How to Turn This Election Into a Progressive Mandate
Many pundits are comparing the expected Democratic victory in the upcoming election to the Newt Gingrich-led Republican triumph of 1994, an election in which the GOP gained 52 House seats and ended 40 years of Democratic majority in that chamber.
Unfortunately, the comparison may be overstated. Even if Democrats take control of the House, this will hardly be a triumph like 1994. The Gingrich-led GOP ran on a coherent, detailed, principled -- albeit wrong-headed -- platform called the "Contract with America." (One delightful promise: "cuts in social spending. . .to fund prison construction.")
If Democrats win control of Congress in November, they can hardly claim a mandate for a coherent program. Because Democratic leaders have avoided a comprehensive program, while ducking big issues like Iraq.
So if Democrats win on Nov. 7, don't think 1994. Think 1998. That was the stunning Congressional election in the sixth year of Bill Clinton, when he was about to be impeached -- ridiculously -- over deceptions about consensual sex with Monica Lewinsky. Voters went to the polls and shocked the Beltway (with pundits predicting GOP House gains of up to 15 or 20 seats) by giving Democrats a pickup of five seats.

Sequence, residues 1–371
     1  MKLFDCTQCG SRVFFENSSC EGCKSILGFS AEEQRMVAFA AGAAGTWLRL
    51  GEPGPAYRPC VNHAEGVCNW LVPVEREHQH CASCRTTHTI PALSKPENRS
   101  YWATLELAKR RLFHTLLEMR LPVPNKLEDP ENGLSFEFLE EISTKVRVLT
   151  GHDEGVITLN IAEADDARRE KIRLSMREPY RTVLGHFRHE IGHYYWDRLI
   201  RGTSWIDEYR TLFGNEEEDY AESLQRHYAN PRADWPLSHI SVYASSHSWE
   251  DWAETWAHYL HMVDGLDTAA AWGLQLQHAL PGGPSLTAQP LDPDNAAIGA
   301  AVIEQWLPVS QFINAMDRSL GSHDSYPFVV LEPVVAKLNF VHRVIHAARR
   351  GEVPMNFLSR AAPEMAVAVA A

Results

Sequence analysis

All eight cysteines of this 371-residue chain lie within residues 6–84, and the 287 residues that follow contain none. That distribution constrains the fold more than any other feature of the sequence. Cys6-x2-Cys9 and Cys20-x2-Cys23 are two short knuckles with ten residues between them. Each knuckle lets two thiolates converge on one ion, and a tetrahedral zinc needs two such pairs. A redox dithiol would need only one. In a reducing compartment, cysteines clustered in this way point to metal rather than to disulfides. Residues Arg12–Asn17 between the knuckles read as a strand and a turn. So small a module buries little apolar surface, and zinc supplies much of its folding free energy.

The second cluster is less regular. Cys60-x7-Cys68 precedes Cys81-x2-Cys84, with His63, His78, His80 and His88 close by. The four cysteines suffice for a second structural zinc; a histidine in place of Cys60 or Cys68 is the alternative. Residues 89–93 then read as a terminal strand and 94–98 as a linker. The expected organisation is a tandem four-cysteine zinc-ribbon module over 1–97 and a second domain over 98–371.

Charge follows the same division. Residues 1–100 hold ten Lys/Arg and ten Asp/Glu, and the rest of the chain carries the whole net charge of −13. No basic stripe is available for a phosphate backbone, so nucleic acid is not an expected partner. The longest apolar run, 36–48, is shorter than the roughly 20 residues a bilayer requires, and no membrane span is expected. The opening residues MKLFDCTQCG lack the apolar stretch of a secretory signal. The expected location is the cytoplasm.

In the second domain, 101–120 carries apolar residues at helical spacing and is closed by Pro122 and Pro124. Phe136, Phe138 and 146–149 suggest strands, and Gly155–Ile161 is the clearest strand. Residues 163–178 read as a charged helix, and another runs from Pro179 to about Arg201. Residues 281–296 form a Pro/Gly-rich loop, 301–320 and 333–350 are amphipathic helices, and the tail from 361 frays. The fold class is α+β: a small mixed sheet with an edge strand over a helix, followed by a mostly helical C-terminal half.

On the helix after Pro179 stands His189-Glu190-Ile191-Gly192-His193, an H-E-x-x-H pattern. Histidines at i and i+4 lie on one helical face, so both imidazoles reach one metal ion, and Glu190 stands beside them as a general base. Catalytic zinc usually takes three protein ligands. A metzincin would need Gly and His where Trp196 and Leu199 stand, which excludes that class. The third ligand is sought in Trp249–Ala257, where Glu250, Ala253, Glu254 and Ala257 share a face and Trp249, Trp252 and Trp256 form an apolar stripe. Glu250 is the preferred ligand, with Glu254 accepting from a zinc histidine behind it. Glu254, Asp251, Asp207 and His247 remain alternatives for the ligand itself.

1998 was nothing more -- and nothing less -- than a rejection of rightwing extremism run amuck. A rebuke to ideologues pursuing an agenda so zealously that they lost touch with public sentiment and with reality. It was also the beginning of a grassroots group called MoveOn.org -- as in "simply censure Clinton and move on to more important issues."
A Democratic win in 2006 would be similar to 1998: a rejection of rightwing extremism and hypocrisy -- from the Iraq disaster to fiscal abandon to preachers of morality and war lining their own pockets.
So how do we make 2006 more than just a rejection of the other side? And with a wide-open presidential campaign approaching, how do we move a majority of the country to embrace a positive agenda for reform?
First, by recognizing that change comes from below. Today's Democratic leadership doesn't have a coherent progressive agenda -- but neither did FDR when he won the presidency in 1932. Powerful grassroots organizations and unions propelled the New Deal agenda and pushed the Democrats to enact one popular program after another that made them the dominant party for many years.
Second, by fighting to change the Democratic leadership. This is especially crucial in advance of 2008. By and large, the current leadership has few principles, except taking power. . .and is generally inept at that. It's timid, waffling, too close to corporate interests and too afraid of the American public, especially on issues where the public is more progressive than they are -- from Iraq withdrawal to trade to universal healthcare. That’s why a progressive platform was avoided in 2006 -- and why Democrats could not win in 2000, 2002 and 2004 (or win by enough to avoid the election being pilfered).
2006 should have been about a positive agenda -- a permanent one, not something that needs to be reinvented every election cycle. But a progressive platform is unthinkable with pro-war corporatists like Chuck Schumer and Rahm Emanuel running the Democratic Senate and House campaigns, and often choosing the candidates (including a slew of hawkish pro-corporate types.)